Citigroup’s Stress-Test Mess

After the most recent series of bank stress test results released by the fed this week, several banks faced greater scrutiny over their financial practices. Out of 30 banks tested, five banks, including Citigroup Inc., Zions Bancorp, and the U.S. units of HSBC Holdings PLC, the Royal Bank of Scotland Group PLC, and Banco Santander SA did not receive the FED’s approval. Citigroup Inc. in particular faced the largest setback after the Federal Reserve rejected the bank’s proposal to reward investors with higher dividends and stock buybacks. According to the Wall Street Journal, the bank’s second rejection in three years was the result of the bank’s deficiency in it’s ability to project revenue and losses under stressful scenarios in parts of the firm’s global operations. This comes even after the results showed that Citigroup’s Tier 1 common capital ratio was above regulatory thresholds, and at 6.5% above many other banks that did receive approval.As the Fed pointed out, this rejection was based on qualitative problems with the stress tests, such as with internal risk management which oversees tasks including financial risk audits and organizational risk assessment. At the end of the day, while the quantitative measures looked good on paper, the Fed did not appear satisfied with the level of safety and foresight Citigroup has shown in the past few years after the financial crisis. As a result, Citigroup and the other four banks must submit revised capital plans and suspend any increased dividend payments, the latter of which will likely cause disappointment to shareholders.

While Citigroup’s rejection certainly is not a great outcome for the bank, as it may damage its reputation and credibility as a lender and insurer. And it’s certainly an embarrassment because this recent development makes Citigroup only the second bank, aside from Ally Financial, to have its capital plan rejected twice by the Federal Reserve. But overall it isn’t necessarily a bad thing for the firm. First, the firm has a strong store of capital set aside, which could act as a buffer in case of a strong negative shock to unemployment or the stock market. Second, Citigroup’s rejection is a signal by the Fed that the firm needs to correct perceived deficiencies in its operations. Like in a first submission of an article to an academic journal, the Fed, like the peer reviewer, can send back Citigroup’s capital plan with harsh critiques, edits, and an outline of the necessary requirements. This may serve to point out potential problems in risk management or governance that Citi had previously missed. Since these problems may eventually hurt the firm down the line, if uncorrected, it’s in Citigroup’s best interest to, like an academic economist, take the critiques with a grain of salt and use them to form a plan to fix the company’s risk management. This may mean a reorganization of managers and executives, and the employees in the deficient departments may face layoffs, but if Citi can fix their deficiencies they may come out of this a healthier company.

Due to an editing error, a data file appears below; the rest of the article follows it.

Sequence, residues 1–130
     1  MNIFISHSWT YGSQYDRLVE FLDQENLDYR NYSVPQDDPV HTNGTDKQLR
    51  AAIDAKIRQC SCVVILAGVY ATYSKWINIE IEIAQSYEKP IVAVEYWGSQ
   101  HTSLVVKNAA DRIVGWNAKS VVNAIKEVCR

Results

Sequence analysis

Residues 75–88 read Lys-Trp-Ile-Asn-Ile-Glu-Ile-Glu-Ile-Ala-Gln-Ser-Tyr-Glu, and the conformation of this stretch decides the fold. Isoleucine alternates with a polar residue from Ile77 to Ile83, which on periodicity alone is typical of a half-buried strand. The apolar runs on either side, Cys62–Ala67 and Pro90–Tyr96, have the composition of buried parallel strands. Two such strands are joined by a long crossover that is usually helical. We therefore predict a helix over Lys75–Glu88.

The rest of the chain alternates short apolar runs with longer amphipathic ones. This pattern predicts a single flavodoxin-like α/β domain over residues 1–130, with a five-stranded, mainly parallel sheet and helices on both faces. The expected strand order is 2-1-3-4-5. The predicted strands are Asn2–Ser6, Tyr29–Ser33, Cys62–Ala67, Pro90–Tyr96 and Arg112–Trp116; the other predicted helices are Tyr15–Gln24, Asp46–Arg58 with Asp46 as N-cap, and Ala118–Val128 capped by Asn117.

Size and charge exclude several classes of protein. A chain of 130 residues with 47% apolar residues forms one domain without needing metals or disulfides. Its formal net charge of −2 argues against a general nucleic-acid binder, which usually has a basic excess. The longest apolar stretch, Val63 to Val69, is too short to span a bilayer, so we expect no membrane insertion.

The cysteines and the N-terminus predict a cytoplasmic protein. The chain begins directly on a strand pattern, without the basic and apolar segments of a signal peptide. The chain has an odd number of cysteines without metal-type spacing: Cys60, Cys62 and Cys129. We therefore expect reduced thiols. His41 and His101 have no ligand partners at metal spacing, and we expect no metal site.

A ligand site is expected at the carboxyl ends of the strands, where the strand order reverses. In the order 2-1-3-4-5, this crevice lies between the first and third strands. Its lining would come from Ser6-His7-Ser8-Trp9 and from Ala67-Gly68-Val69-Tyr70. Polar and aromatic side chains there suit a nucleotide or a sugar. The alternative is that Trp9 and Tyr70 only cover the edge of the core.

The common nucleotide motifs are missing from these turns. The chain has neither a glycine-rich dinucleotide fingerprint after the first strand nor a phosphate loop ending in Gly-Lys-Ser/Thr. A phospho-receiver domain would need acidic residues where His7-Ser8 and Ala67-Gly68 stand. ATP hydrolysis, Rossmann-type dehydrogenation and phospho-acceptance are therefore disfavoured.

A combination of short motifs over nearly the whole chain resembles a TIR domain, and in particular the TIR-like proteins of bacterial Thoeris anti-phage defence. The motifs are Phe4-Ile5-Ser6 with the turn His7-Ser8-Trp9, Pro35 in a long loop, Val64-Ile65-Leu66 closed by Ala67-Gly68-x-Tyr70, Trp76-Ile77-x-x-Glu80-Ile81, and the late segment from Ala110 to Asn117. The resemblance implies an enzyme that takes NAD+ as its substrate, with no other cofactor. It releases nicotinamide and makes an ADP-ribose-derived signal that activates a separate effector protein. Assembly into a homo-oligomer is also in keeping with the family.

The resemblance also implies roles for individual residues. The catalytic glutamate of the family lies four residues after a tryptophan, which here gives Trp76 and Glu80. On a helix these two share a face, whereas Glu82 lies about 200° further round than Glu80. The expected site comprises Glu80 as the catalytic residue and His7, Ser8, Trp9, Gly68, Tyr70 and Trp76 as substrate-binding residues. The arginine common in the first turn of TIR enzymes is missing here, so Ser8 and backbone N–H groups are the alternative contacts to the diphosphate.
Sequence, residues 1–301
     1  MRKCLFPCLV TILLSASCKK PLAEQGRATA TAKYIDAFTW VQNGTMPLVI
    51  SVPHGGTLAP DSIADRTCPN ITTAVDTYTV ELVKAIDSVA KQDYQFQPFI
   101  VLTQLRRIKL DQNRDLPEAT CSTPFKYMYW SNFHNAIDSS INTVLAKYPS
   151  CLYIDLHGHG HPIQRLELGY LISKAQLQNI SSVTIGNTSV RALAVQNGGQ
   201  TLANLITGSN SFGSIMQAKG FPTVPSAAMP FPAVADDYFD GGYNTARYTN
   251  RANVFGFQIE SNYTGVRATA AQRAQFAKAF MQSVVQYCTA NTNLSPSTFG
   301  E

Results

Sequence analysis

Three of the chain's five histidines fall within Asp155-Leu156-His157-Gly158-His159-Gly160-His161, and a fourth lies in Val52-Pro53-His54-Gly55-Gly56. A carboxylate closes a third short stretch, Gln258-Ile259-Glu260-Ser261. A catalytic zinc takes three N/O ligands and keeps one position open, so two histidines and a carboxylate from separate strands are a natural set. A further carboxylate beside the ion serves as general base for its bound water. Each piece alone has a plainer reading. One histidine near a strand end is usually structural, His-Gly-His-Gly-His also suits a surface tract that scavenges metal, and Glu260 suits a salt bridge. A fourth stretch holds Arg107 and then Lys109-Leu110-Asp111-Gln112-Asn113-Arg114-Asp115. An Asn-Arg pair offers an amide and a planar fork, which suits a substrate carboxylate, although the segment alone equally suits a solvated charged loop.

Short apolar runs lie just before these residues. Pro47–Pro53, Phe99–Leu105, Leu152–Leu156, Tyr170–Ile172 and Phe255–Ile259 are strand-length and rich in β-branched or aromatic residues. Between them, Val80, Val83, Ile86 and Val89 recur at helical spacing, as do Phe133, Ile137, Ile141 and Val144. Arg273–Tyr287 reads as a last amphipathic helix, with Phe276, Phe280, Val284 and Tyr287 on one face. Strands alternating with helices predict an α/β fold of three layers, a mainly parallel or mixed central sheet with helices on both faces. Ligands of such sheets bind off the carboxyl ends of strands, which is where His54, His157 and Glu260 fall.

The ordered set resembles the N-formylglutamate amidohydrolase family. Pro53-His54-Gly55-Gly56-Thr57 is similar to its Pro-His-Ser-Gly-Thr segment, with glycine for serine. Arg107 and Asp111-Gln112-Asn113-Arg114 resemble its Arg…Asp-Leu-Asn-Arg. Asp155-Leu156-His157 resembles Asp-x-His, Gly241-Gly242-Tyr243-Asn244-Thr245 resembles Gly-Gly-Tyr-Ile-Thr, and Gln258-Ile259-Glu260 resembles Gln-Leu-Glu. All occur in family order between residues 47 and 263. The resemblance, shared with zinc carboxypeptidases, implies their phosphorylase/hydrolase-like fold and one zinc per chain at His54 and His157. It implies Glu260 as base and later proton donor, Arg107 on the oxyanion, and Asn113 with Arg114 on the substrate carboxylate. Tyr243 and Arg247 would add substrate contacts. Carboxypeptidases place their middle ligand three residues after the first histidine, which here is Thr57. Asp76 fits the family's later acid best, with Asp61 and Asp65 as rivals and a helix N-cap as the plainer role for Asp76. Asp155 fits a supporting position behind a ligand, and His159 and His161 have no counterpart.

On the other hand, the people who will face the most problems as a result of the Fed’s rejection are the shareholders (Citigroup’s stock fell 5% after hours today), and the firm’s new CEO Michael Corbat. As a consequence of Citi’s failed capital plan, it has been refused the ability to raise its dividend, which currently sits at a quarterly penny-a-share, and to engage in a share buy-back program. This doesn’t bode well for Corbat, since pleasing shareholders is one of the main goals of a modern CEO. The inability to issue a dividend means that the shareholders won’t be rewarded directly, and the inability of Citi to issue a stock buyback means that shareholders won’t enjoy the benefits of “concentrated” stocks (after a buy-back a shareholder will essentially own a larger share of the company). And the lack of confidence by the Fed in Citi’s risk procedures may make investors wary of the company in the near future, meaning that the company may face negative returns in the shortrun, which may further agitate some shareholders. Overall, this is hardly a pleasant start for the new CEO.